Husain realized soon enough that the path of Islamism was at best murky. He decided to abandon it and for a while, even struggled to keep his faith. He concluded that if he were at all able to remain a believer, his God would have to be “beyond gender, limitation and even conceptualization.” Along with this realization, Husain also became a “better Briton”. All this took place before the world changed on 9/11.

Still, even a reformed, de-radicalized Husain felt somewhat “joyful” at the news of the attacks. “Any attack on the bullyboy of the world, ardent supporter of Israel, puppet master of Arab dictators and exporter of McDonald’s style globalization was certainly good news for the rest of us”. The backlash against Muslims and the resultant isolation they had felt in the aftermath proved to be the last hurdle for Husain towards shedding his animosity for all things Western.

Husain’s story is not unique. Radicalized youth in the West often fall prey to Islamist propaganda in similar fashion. In many ways, Husains’ tumultuous spiritual journey represents the ongoing tussle between militant Islam and mystical Islam. After a long stint with radicalism, he comes to the conclusion that it is tolerance, humanity and a very personal devotion to God that constitute Islam’s true essence.

But this begs the question: Why are so many Muslims led astray? Is there something in the sacred texts of Islam that lends itself readily to radical interpretations? Indeed there are such verses, but Husain fervently believes that the real problem lies in the literalist and obscurantist interpretations of these texts.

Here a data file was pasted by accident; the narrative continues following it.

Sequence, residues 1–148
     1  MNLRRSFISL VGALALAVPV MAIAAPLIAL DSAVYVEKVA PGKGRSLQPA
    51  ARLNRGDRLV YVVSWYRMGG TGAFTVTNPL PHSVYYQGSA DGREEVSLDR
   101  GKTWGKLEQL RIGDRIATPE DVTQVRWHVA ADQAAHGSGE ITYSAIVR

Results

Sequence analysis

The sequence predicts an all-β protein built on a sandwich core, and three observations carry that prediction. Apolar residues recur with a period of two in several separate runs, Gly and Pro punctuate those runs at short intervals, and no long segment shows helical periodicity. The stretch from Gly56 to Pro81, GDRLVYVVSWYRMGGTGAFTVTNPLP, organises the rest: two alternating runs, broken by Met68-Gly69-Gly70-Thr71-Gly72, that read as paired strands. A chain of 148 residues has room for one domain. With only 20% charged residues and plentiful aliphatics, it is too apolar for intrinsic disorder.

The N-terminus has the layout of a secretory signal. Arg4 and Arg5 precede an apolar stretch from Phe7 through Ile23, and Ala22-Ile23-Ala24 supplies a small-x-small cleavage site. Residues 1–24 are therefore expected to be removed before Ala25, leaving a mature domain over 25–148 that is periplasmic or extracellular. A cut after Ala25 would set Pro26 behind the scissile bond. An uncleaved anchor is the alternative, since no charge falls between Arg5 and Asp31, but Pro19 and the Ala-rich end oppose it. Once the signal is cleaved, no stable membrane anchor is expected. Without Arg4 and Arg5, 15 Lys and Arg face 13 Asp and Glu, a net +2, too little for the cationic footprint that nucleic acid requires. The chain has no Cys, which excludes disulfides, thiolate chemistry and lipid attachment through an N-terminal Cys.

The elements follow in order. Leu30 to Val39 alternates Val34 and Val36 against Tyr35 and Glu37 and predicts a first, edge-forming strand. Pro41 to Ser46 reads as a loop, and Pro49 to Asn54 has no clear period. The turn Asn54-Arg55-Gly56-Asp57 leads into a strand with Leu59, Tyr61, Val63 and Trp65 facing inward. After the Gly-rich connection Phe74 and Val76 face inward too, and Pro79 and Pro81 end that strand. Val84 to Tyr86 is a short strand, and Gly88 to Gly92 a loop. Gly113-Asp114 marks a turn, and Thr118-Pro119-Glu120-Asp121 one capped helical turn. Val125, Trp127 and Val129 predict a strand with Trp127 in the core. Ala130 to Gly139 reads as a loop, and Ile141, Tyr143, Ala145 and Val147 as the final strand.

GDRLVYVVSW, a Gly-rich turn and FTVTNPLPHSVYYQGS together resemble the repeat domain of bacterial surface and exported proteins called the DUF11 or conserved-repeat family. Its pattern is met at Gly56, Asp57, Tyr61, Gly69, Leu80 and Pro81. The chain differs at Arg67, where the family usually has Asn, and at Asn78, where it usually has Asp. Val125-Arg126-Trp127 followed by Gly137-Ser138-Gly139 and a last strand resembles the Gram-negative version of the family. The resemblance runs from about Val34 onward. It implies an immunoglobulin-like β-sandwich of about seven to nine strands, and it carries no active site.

Towards the end of the book, the author compares Levantine Islam with Syria as an example, to the Wahabi Islam of Saudi Arabia. While the atmosphere in Syria tends to be one of aloof religious liberalism, Saudi Arabia actively engages in propagating its rigidly puritanical Islam.

Husian also draws a distinction between Islamism and Islam. But this purported distinction again raises some questions: Are the differences largely determined by the extent of adherence to Islamic pretext? In other words, are the differences one of ideology or simply religious practice? Are all Muslims ideologically Islamist and simply derelict in religious observance? Is Islamism built on the tenets of Islam and therefore a valid strain among its many expressions? Is Islamism a natural extension of Islam? Is a global political agenda germane to Islam lending validity to the Islamist viewpoint?

Husain does not pose these questions but arrives at the categorical conclusion that
“Religions are not for governments or states; they are for individuals.”

Islamists would readily shun such suggestions. They believe there is only one valid interpretation of Islam – theirs -- - and since they see Islam as a monolith, they also view the Western world as a monolith, thus directing their animosity towards all things Western. In the end, what will win the fight against radicalism is how well these attitudes are recognized and how effectively they are countered. Nonetheless, Husain provides an accurate and timely window into the minds of contemporary Islamists. The Islamist is a must-read for all who wish to understand the causes of radicalization and possible solutions.



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by Farzana Hassan:
The Grand Design (review)
The Jew Is Not My Enemy (review)
To Ban the Hijab?